All about bubble tea: why its origins are unclear, and how to hit the sweet spot with a recipe for a healthier version
- The boba drink – which a few Taiwanese shops claim to have invented – can be better for your body if you make a few changes to your order or try the home-made version below
- Every week, Talking Points gives you a worksheet to practise your reading comprehension with questions and exercises about the story we’ve written
In most shopping malls in Hong Kong, there is at least one shop selling a frothy drink with black tapioca pearls swirling within. At these stalls, customers queue patiently, eager to indulge in sweet cold tea while munching on the chewy blobs.
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Does anyone know who invented bubble tea?
Originally from Taiwan, bubble tea, also known as boba tea, has become a phenomenon that has spread around the world. The refreshing beverage grew in popularity in the 1980s, though a few different Taiwanese shops claim to have invented it.
But what most of the alleged origin stories have in common is that the first version of the drink was served without the tapioca pearls it is now known for.
Back then, it was prepared by shaking freshly brewed black or green tea, sugar syrup, milk and ice in a cocktail shaker, which created the drink’s signature foam.
At the time, the cold drink was a refreshing update to conventional methods of serving tea, and it became a hit.
Later, chewy tapioca balls – a traditional treat in Taiwan and other parts of Asia – were added to create the boba tea we are now familiar with.
What started as a refreshing cup of bubbly milk tea has continued to evolve. Modern versions include brown sugar boba tea with its trademark tiger stripes, and cheese tea with its foamy cap of whipped cream cheese, salt, sugar and milk.
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What’s in a serving of this tasty drink?
While most of us are aware that bubble tea is not exactly the healthiest drink, what exactly goes into it?
A typical 500ml serving of bubble tea contains close to 340 calories – just two cups of it takes up about one-third of the recommended daily calorie intake.
It can also be packed with sugar as there are about 92 grams of it in a typical serving. In comparison, a half-litre bottle of Coca-Cola has 197 calories and 55 grams of sugar. Some boba tea vendors have even started offering a 700ml serving as the standard size.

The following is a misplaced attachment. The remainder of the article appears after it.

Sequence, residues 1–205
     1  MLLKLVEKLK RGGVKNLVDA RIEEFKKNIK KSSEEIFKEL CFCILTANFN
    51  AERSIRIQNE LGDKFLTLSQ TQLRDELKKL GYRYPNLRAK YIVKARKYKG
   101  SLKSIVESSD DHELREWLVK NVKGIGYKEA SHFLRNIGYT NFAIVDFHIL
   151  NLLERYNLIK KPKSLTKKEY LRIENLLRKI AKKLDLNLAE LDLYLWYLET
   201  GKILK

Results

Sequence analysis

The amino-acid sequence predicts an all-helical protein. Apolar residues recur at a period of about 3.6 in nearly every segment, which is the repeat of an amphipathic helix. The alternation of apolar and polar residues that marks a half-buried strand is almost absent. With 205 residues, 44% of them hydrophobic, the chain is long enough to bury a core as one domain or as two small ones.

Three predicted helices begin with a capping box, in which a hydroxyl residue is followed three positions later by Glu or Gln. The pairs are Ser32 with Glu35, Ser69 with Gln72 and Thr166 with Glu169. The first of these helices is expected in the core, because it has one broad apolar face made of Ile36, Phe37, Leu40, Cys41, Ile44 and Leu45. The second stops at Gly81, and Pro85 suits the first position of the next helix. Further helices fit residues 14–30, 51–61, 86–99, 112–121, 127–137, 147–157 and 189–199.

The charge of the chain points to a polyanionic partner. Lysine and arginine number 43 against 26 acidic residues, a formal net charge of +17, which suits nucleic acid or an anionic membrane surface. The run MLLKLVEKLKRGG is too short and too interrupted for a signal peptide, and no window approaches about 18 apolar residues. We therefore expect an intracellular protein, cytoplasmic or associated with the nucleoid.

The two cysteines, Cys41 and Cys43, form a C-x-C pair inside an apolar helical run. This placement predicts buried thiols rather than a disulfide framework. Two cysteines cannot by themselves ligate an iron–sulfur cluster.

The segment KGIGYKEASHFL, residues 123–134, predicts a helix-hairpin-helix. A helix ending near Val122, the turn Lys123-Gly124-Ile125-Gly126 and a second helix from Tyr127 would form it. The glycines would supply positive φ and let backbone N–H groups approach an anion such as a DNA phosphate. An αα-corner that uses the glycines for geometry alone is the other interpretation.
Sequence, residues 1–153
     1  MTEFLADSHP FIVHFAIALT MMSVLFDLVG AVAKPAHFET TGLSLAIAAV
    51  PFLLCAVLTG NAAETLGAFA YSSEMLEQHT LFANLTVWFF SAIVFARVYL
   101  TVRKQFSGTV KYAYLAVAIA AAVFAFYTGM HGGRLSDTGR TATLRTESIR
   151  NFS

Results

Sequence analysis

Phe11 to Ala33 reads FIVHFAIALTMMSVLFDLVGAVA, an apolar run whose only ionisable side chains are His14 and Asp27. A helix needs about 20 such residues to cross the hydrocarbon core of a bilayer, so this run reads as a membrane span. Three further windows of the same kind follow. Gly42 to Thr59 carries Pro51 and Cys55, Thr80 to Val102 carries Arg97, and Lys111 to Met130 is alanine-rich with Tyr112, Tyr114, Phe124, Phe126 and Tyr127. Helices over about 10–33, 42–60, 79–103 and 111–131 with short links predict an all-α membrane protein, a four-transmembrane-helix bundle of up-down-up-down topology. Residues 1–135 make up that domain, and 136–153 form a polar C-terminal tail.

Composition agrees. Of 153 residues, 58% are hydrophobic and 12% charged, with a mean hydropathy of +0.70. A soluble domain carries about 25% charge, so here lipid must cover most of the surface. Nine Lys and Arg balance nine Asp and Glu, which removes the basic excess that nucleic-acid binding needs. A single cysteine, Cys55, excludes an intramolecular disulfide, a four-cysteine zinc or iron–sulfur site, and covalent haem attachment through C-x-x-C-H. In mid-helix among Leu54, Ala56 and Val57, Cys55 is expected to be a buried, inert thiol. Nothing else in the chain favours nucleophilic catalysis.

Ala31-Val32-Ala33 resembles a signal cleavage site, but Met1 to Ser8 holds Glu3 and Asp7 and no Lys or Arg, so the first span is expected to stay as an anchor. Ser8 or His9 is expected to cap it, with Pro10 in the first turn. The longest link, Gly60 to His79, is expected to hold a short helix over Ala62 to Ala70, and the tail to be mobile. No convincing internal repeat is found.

Tea on its own is a zero-calorie beverage. It contains antioxidants that may help lower the risk of developing heart issues and cancer. The culprits here are the additional ingredients such as sweeteners, as well as toppings like pudding, sweetened fruit and jam, which are packed with sugar and calories.
On the other hand, tapioca pearls can be a good source of energy. Made of starch extracted from the cassava root native to South America, the chewy treat is rich in carbohydrates.
These days, most bubble tea shops allow you to adjust your drink’s sugar levels, which can make it a bit healthier. Instead of using whole milk, which is high in calories, some stalls might offer options for soy milk, nut milk or even oat milk.
If you are keen to create your own healthy boba drink, here is an easy recipe that can be customised using your favourite tea.
Easy recipe for healthier bubble tea
Ingredients (serves 1)
¼ cup tapioca pearls
1 tsp honey
1 tea bag of your choice
½ cup low-fat or skimmed milk, or a plant-based option
Add ½ cup of hot water to a mug with the tea bag and honey. Stir, and leave it to cool at room temperature before moving it to the fridge to chill.
Meanwhile, boil four cups of water in a saucepan. Add the tapioca pearls, and stir. Turn the heat off, and cover it for five to seven minutes, or until the pearls float to the top of the water. Drain the pearls, and run them under cold water.
Transfer the tapioca pearls to a glass, and add your chilled tea and some ice. Top it with the milk, and stir to combine. Enjoy your refreshing home-made bubble tea!
Click here to download a printable worksheet with questions and exercises about this story. Answers are on the second page of the document.